Tag Archives: Patrick Bond

‘A dirty deal coming down in Durban’

The Mercury, 6 December

Eye on Society column

A dirty deal coming down in Durban

By Patrick Bond

What, now, are the prospects for a climate deal by Friday?

The biggest problem is obvious: COP17 saboteurs from the US State Department joined by Canada, Russia and Japan, want to bury the legally-binding Kyoto Protocol treaty. Instead of relaxing intellectual property rules on climate technology and providing a fair flow of finance, Washington offers only a non-binding ‘pledge and review’ system.

This is unenforceable and at current pledge rates – with Washington lagging everyone – is certain to raise world temperatures to four degrees centigrade, and in Africa much higher. Estimates of the resulting deaths of Africans this century are now in excess of 150 million. As former Bolivian Ambassadar to the UN, Pablo Solon said at last week’s Wolpe Memorial Lecture, “The COP17 will be remembered as a place of premeditated genocide and ecocide.”

Within the International Convention Centre, everyone in their right mind should resist this. First, it is patently obvious, after the 1997 Kyoto negotiations where Al Gore promised US support in exchange for carbon trading, and after Hillary Clinton’s 2009 promise of a $100 billion Green Climate Fund – both reneged upon – that Washington cannot be trusted. Lead negotiators Todd Stern and Jonathan Pershing should be isolated, an international climate court should be established, and preparations made for comprehensive sanctions against US goods and services. Continue reading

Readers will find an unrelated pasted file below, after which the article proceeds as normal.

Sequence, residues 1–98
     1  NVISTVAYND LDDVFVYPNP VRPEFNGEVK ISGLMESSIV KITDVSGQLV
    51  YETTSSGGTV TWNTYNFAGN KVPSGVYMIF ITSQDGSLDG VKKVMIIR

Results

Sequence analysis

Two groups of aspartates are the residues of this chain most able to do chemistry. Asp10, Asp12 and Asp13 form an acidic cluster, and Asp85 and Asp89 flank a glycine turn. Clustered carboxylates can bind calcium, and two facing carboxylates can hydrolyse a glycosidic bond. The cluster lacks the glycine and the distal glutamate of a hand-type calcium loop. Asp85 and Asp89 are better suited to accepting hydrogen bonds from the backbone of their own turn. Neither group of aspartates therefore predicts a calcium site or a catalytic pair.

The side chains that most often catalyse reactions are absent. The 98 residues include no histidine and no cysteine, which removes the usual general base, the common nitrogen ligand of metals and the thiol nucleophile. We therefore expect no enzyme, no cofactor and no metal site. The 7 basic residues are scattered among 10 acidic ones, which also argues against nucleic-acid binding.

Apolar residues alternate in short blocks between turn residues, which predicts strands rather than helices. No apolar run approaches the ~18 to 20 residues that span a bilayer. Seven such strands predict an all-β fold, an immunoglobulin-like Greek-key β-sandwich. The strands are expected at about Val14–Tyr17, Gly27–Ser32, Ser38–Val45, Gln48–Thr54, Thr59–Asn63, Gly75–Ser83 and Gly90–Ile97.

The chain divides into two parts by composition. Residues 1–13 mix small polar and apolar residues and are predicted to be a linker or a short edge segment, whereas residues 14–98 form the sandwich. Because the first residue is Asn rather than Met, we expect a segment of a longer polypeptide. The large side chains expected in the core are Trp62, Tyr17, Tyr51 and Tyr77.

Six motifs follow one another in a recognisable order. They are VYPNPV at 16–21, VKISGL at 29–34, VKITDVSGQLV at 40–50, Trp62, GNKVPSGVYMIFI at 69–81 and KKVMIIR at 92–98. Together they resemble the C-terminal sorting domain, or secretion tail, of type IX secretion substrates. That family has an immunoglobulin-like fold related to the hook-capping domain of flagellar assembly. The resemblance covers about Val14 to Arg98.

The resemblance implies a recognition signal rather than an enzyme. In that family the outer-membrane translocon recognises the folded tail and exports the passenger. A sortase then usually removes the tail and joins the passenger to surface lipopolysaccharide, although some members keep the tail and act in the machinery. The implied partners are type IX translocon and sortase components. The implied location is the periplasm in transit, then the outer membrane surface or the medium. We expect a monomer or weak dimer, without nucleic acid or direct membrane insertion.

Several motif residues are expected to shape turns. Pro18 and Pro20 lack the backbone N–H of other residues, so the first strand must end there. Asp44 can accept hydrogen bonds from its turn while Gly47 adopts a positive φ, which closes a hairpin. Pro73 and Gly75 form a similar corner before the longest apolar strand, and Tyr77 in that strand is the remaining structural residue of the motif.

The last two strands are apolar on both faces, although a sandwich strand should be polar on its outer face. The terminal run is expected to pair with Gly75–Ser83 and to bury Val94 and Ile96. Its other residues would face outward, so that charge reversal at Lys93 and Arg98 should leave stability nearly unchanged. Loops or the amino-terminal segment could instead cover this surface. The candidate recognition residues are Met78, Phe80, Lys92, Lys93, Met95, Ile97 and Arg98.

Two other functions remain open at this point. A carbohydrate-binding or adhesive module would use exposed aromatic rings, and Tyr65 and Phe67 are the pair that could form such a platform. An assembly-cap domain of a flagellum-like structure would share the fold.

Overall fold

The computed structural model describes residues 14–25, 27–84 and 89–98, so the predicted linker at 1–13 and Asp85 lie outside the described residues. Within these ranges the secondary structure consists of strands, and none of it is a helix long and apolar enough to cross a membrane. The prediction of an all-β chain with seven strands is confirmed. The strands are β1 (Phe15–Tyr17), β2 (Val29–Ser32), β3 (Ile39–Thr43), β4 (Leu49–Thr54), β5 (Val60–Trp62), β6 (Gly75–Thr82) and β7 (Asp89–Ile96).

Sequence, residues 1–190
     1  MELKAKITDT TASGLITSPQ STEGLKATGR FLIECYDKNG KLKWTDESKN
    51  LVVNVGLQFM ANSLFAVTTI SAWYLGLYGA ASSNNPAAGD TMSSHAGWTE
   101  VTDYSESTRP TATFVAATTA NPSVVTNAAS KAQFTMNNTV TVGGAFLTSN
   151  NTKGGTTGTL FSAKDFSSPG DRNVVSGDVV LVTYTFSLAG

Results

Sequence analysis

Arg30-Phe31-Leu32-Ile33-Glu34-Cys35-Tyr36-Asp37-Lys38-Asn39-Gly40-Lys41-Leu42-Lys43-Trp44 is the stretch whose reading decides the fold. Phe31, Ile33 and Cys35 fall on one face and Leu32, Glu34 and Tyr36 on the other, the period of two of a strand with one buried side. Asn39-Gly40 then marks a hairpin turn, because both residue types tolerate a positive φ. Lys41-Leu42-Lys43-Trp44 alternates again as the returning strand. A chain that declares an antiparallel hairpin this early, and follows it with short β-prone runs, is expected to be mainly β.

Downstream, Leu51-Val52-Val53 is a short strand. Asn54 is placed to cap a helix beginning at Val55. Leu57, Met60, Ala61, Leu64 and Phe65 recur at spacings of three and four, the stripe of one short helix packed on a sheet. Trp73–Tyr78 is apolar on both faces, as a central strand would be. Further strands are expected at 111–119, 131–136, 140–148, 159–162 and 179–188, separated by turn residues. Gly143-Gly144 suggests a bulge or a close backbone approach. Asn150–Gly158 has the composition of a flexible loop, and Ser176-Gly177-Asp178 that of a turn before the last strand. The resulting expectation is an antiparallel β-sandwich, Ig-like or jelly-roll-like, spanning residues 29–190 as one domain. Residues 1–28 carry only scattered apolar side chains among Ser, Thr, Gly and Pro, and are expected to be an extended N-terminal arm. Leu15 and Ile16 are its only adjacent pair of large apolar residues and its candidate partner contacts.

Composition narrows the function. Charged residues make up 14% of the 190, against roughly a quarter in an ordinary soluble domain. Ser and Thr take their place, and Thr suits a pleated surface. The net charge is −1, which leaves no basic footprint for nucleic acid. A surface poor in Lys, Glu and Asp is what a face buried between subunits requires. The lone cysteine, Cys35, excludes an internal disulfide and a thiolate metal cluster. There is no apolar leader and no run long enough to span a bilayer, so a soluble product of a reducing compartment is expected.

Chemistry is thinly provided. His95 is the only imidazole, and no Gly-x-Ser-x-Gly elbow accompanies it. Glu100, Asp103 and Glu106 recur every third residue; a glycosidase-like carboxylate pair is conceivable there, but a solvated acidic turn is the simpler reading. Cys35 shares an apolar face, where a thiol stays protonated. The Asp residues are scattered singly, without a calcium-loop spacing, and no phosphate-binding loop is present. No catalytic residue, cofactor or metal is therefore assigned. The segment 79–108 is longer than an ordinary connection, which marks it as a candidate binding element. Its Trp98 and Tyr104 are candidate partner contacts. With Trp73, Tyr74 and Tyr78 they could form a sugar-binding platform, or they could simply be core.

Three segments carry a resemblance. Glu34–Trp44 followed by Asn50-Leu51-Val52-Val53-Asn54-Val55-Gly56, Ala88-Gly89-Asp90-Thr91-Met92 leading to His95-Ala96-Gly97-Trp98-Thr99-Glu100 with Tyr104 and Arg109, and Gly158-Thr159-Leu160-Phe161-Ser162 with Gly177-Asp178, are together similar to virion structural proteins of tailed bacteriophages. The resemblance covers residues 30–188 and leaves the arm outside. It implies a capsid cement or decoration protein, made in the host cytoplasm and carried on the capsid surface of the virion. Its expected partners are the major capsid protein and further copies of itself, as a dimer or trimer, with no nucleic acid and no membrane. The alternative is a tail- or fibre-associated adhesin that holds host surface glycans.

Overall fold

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Patrick Bond: ‘A climate conference, old and new oil curses, and Norwegian Good Samaritans’

By Patrick Bond

The stench of rotting blubber would hang for days over The Bluff in
South Durban, thanks to Norwegian immigrants whose harpooning skills
helped stock the town with cooking fat, margarine and soap, starting
about a century ago. The fumes became unbearable, and a local uproar
soon compelled the Norwegians to move the whale processing factory from
within Africa s largest port to a less-populated site a few kilometers
southeast.

There, on The Bluff s glorious Indian Ocean beachfront, the white
working-class residents of Marine Drive (perhaps including those in the
apartment where I now live) also complained bitterly about the odor from
flensing, whereby blubber, meat and bone were separated at the world s
largest onshore whaling station.

Ever since, our neighborhood has been the armpit of South Africa. A bit
further south and west, in a black residential area, the country s
largest oil refinery was built in the 1950s, Continue reading

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